One last addition: Someone who’s not experienced in archery will probably try to draw the bow using their ‘biceps strength’. That might work once or twice, maybe even more with a weaker bow but it also means that a lot of energy goes to waste and that person is going to get tired pretty soon. You also cannot move that much weight just using your arms, your back and shoulders are much stronger so use those. (looking at you, writers who make their archer character’s arms ache after shooting for a longer time, you shouldn’t feel them. ) 

It is of course possible to get someone started with a 30# or stronger bow but it will mess up their technique and everything vaguely resembling accuracy and they will be a wreck if they keep doing that.

If you want to write about an archer and have any questions, please don’t let my rambling discourage you and feel free to ask everything you want to know. 

A Slow Shift

Description: Clint Barton x reader. The reader is a shop assistant and serves Clint, entirely oblivious to who he is. Complete and utter fluff.
Words: 2,163
Warnings: None.
Author’s Note: Okay, I’ve never written Clint before so be nice ;) Loosely inspired by a cute guy who served me at my local Archery shop a few days ago. He was trying so hard. Bonus points for trying even though my mother was right there though, that took balls.

Tagging: @thinkwritexpress @castihelloboys @winchester-with-wings @heismyhunter @kenzie-110101 @maha-pambata-is-my-patronus (If you don’t want tagging in Clint ones, let me know!)

You stared blankly at the clock, watching the seconds crawl by. You were entirely convinced by this point that they were slowing down - that or time worked differently in shops. Maybe it was a pocket reality where time went by at half speed… or maybe you were just bored out of your mind and your thought processes were getting ridiculously side tracked. One option was definitely more likely than the other.

Stifling a yawn, you leaned back in your chair. Of course, it was definitely a bonus that your boss had given you something to sit on, it wasn’t exactly a busy shop so standing would be feet numbing as well as mind numbing.

In theory, the store should be exciting. You wouldn’t admit it, but you’d taken the job to impress a (now ex) boyfriend and seeing as the pay was good, you’d stuck around. He’d been interested in taking up archery so you’d taken the job here, at an archery shop on some little industrial estate in the suburbs of New Jersey, but then he’d moved on. You’d dated him for less than a month and now you’d been working here for officially two. The perks were alright, after hours you were free to use the shooting range out back and you got a discount at the nearest café so you couldn’t really complain. Well, you could and you would, but it was only because today was a drag, most were far more interesting - you certainly got some characters to say the least.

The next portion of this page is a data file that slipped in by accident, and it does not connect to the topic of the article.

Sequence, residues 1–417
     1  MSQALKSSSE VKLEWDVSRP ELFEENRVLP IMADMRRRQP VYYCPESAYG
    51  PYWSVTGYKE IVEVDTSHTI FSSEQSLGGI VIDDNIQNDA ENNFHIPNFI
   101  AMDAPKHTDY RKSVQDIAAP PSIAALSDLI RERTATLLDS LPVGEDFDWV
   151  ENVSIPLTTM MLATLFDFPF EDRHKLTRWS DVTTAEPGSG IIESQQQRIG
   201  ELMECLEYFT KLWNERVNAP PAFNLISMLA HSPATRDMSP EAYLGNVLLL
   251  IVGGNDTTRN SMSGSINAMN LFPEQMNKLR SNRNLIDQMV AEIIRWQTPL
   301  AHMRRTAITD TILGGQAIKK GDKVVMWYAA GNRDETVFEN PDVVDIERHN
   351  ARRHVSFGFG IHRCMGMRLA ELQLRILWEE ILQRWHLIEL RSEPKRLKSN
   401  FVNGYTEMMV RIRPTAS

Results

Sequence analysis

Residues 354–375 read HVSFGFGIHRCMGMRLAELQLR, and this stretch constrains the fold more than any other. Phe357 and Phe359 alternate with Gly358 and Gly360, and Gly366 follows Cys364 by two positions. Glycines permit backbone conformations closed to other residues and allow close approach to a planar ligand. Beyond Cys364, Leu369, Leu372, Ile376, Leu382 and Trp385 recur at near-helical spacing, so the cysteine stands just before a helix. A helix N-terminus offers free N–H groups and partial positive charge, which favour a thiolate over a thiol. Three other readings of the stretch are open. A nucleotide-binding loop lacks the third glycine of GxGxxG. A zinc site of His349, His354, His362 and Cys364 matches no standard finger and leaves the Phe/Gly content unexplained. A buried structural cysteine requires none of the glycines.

You shook your head to try and wake yourself up and grabbed the clipboard next to the till. If no one was around at least you could do some stock checks. You paused, smirking to yourself as you thought about just how quiet it was. No one to see you vault over the till if you hypothetically wanted to…

You placed the clipboard in just the right spot and stood up, pushing the chair back quietly. Mentally, you counted to three and on the last number you went for it. You jumped, vaulting over the till with one hand, picking up the clipboard as you went. The way was clear so you landed cleanly but used your momentum to go straight into a forward roll, bouncing up at the end just short of hitting a shelf. Who said high school gym class never taught you anything?

Masking a smile at just how smoothly that’d gone, you straightened your uniform and grabbed the pen out of your top pocket. Clicking it down to bring the nib out you let out a brief sigh - back to the boring stuff. Turning on your heels to head for the accessory aisle, you were surprised to see a man watching you, barely concealing a snigger.

Your eyes went wide and you swallowed hard. Shit.

Keep reading

~Friendly membly reminder that that if you use recurve bows and compound bows you are a fake archer and wrong. The only real archery done using 6'5 english longbow used during the Battle of Agincourt~

ancient-pistol  asked:

Since you are bored and stuck at home, why not take this opportunity to explain why I should buy a recurve instead of a compound bow

This is tough because I can give you, like, the fair answer, the honest answer, the arrogant recurve shooter answer or I can sum all of the those up as “well, it depends?” because it really does depend on what you want to Do. Hunt, compete, just fuck around in the backyard, SCA.